Schools are open in many parts of the county even as our Okanogan County COVID-19 incidence rate climbs. As a reminder, the incidence rate is the number of new COVID-19 cases per 100,000 people in the last 14 days. Okanogan County’s population is approximately 43,000 people, but we use this incidence rate calculation so we can compare how widespread the virus is in our community relative to other counties of varying population sizes.
Our incidence rate is high, so why are schools open?
At first, school districts set an incidence rate of 75 cases per 100,000 people in the previous 14 days as the target the community needs to hit for in-person classes to be considered safe. But as we learn more about how the virus spreads, we see that many schools are operating safely even when the incidence rate in the community is higher than 75 cases per 100,000 people.
For example, national and local data show us that COVID-19 is not as likely to be spread in schools–especially elementary and middle schools–as it is in the general population (though school-based testing is limited in many areas). Kids in school are wearing masks, washing hands often, and keeping physically distant from each other, and class sizes are small. These measures used together prevent the spread of COVID-19. Our schools have also increased air circulation throughout the buildings.
When a student does get sick with COVID-19, schools have been largely successful in notifying all affected people and ensuring quarantine protocols are followed. The successes of school-based COVID-19 management allows schools to stay open even when incidence rates climb in the county. But schools can also close when risk grows in the community or the school-based community does not follow essential steps to prevent and manage COVID-19.
An important note: the majority of COVID-19 cases in our community come from people gathering together and people traveling outside the county.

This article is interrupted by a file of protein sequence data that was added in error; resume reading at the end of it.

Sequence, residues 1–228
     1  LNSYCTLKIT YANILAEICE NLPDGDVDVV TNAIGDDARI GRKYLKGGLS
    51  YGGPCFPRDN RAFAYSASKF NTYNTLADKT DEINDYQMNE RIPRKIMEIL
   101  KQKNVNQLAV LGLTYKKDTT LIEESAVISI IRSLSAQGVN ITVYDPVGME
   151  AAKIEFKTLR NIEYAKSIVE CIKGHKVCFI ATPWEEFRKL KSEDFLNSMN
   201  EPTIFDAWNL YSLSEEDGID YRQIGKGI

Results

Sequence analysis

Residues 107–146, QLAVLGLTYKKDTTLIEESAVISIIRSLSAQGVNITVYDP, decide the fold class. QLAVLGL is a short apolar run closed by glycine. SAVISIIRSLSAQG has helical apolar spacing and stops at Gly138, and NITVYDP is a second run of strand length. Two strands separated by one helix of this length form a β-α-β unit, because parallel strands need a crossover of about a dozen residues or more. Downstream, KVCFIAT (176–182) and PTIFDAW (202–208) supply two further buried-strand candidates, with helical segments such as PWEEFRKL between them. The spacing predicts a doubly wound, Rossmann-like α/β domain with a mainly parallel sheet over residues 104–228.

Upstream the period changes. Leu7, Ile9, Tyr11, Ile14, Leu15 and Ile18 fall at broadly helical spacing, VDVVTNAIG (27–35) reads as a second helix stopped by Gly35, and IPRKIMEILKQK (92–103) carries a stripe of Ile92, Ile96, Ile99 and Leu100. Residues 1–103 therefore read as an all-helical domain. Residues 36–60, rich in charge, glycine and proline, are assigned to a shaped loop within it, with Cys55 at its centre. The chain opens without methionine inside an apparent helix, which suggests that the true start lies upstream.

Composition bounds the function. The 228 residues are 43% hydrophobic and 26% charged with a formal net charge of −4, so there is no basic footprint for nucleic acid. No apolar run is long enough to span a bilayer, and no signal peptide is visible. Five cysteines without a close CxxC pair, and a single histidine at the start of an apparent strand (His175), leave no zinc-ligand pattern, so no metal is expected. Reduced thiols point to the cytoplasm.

Who decides if schools open or close?
Superintendents meet each week to look at local data and make decisions about school openings. Schools can look at the number of positive cases within the zip codes included in their school district and calculate a local incidence rate for their specific community. So, instead of using the incidence rate for the entire county, Pateros School District, for example, can look at the positive cases within the Pateros zip code and make decisions about classes based on local information. School districts must also continually assess if they have enough resources (available teachers, administrators, custodial crew, etc.) to operate safely.
Ultimately, the decision to open or close schools is in the hands of school superintendents and the Health Officer of Okanogan County, Dr. John McCarthy. Click here to hear Dr. McCarthy talk about school reopening decisions in an interview on December 2nd with the KOZI FM morning show.
Should I keep my child home from school?
Because symptoms of COVID-19 can look similar to cold and flu symptoms, any student who has cold or flu-like symptoms should stay home from school. Also, if anyone in your household tests positive for COVID-19, you will need to keep your child at home and away from others for 14 days. Check everyone in your household for fever, cough, and shortness of breath. Do not go to work or school, and avoid public places for 14 days (self quarantine).
Our local school administrators and health officials want to keep the schools open as long as it is safe to do so. To keep community spread low and give our schools the best chance to stay open, please wear a mask when you are around people who you do not live with, keep 6 feet of distance between yourself and others, and wash your hands often. If you experience COVID-19 symptoms, get tested for COVID-19 right away.